Mysa, Ravi C and Venkatraman, Kartik (2015) Intertwined vorticity and elastodynamics in flapping wing propulsion. In: JOURNAL OF FLUID MECHANICS, 787 . pp. 175-223.
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We performed numerical experiments on a one-dimensional elastic solid oscillating in a two-dimensional viscous incompressible fluid with the intent of discerning the interplay of vorticity and elastodynamics in flapping wing propulsion. Perhaps for the first time, we have established the role of foil deflection topology and its influence on vorticity generation, through spatially and temporally evolving foil slope and curvature. Though the frequency of oscillation of the foil has a definite role, it is the phase relation between foil slope and pressure that determines thrust or drag. Similarly, the phase difference between flapping velocity, and pressure and inertial forces, determine the power input to the foil, and in turn drives propulsive efficiency. At low frequencies of oscillation, the sympathetic slope and curvature of deformation of the foil allow generation of leading-edge vortices that do not separate; they cause substantial rise in pressure between the leading edge and mid-chord. The circulatory component of pressure is determined primarily by the leading-edge vortex and therefore thrust too is predominantly circulatory in origin at low frequencies. In the intermediate and high-frequency range, thrust and drag on the foil spatially alternate and non-circulatory forces dominate over circulatory and viscous forces. For the mass ratios we simulated, thrust due to flapping varies quadratically as a function of Strouhal number or trailing-edge flapping velocity; further, the trailing edge flapping velocities peak at the same set of frequencies where the thrust is also a maximum. Propulsive efficiency, on the other hand, is roughly a mirror image of the thrust variation with respect to Strouhal number. Given that most instances of flapping propulsion in nature are primarily through distributed muscular actuation that enables precise control of deformation shape, leading to high thrust and efficiency, the results presented here are pointers towards understanding some of the mechanisms that drive thrust and propulsive efficiency.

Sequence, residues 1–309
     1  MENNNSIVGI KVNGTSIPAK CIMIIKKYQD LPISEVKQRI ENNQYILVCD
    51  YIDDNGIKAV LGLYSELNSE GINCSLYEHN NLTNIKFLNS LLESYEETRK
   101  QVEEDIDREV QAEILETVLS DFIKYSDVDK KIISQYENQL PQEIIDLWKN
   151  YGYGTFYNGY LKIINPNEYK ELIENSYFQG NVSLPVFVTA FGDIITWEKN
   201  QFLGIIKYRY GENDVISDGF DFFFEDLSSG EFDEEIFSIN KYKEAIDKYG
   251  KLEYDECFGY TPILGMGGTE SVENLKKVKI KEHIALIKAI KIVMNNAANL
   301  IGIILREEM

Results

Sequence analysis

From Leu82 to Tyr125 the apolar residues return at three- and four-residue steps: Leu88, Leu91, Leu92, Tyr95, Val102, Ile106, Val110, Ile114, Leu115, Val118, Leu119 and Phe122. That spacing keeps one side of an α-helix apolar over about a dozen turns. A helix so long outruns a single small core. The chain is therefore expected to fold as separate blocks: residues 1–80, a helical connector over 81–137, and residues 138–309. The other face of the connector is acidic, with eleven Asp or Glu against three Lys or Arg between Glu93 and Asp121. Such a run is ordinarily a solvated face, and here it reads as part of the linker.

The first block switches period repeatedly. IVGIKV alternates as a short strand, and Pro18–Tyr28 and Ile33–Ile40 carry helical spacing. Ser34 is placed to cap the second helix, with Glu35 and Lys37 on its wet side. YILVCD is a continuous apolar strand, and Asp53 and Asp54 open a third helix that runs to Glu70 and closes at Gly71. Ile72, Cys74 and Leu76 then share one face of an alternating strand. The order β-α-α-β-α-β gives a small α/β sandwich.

|Item Type:||Journal Article|
|Additional Information:||Copy right for this article belongs to the CAMBRIDGE UNIV PRESS, 32 AVENUE OF THE AMERICAS, NEW YORK, NY 10013-2473 USA|
|Keywords:||flow-structure interactions; propulsion; swimming/flying|
|Department/Centre:||Division of Mechanical Sciences > Aerospace Engineering (Formerly, Aeronautical Engineering)|
|Date Deposited:||06 Jan 2016 07:21|
|Last Modified:||06 Jan 2016 07:21|
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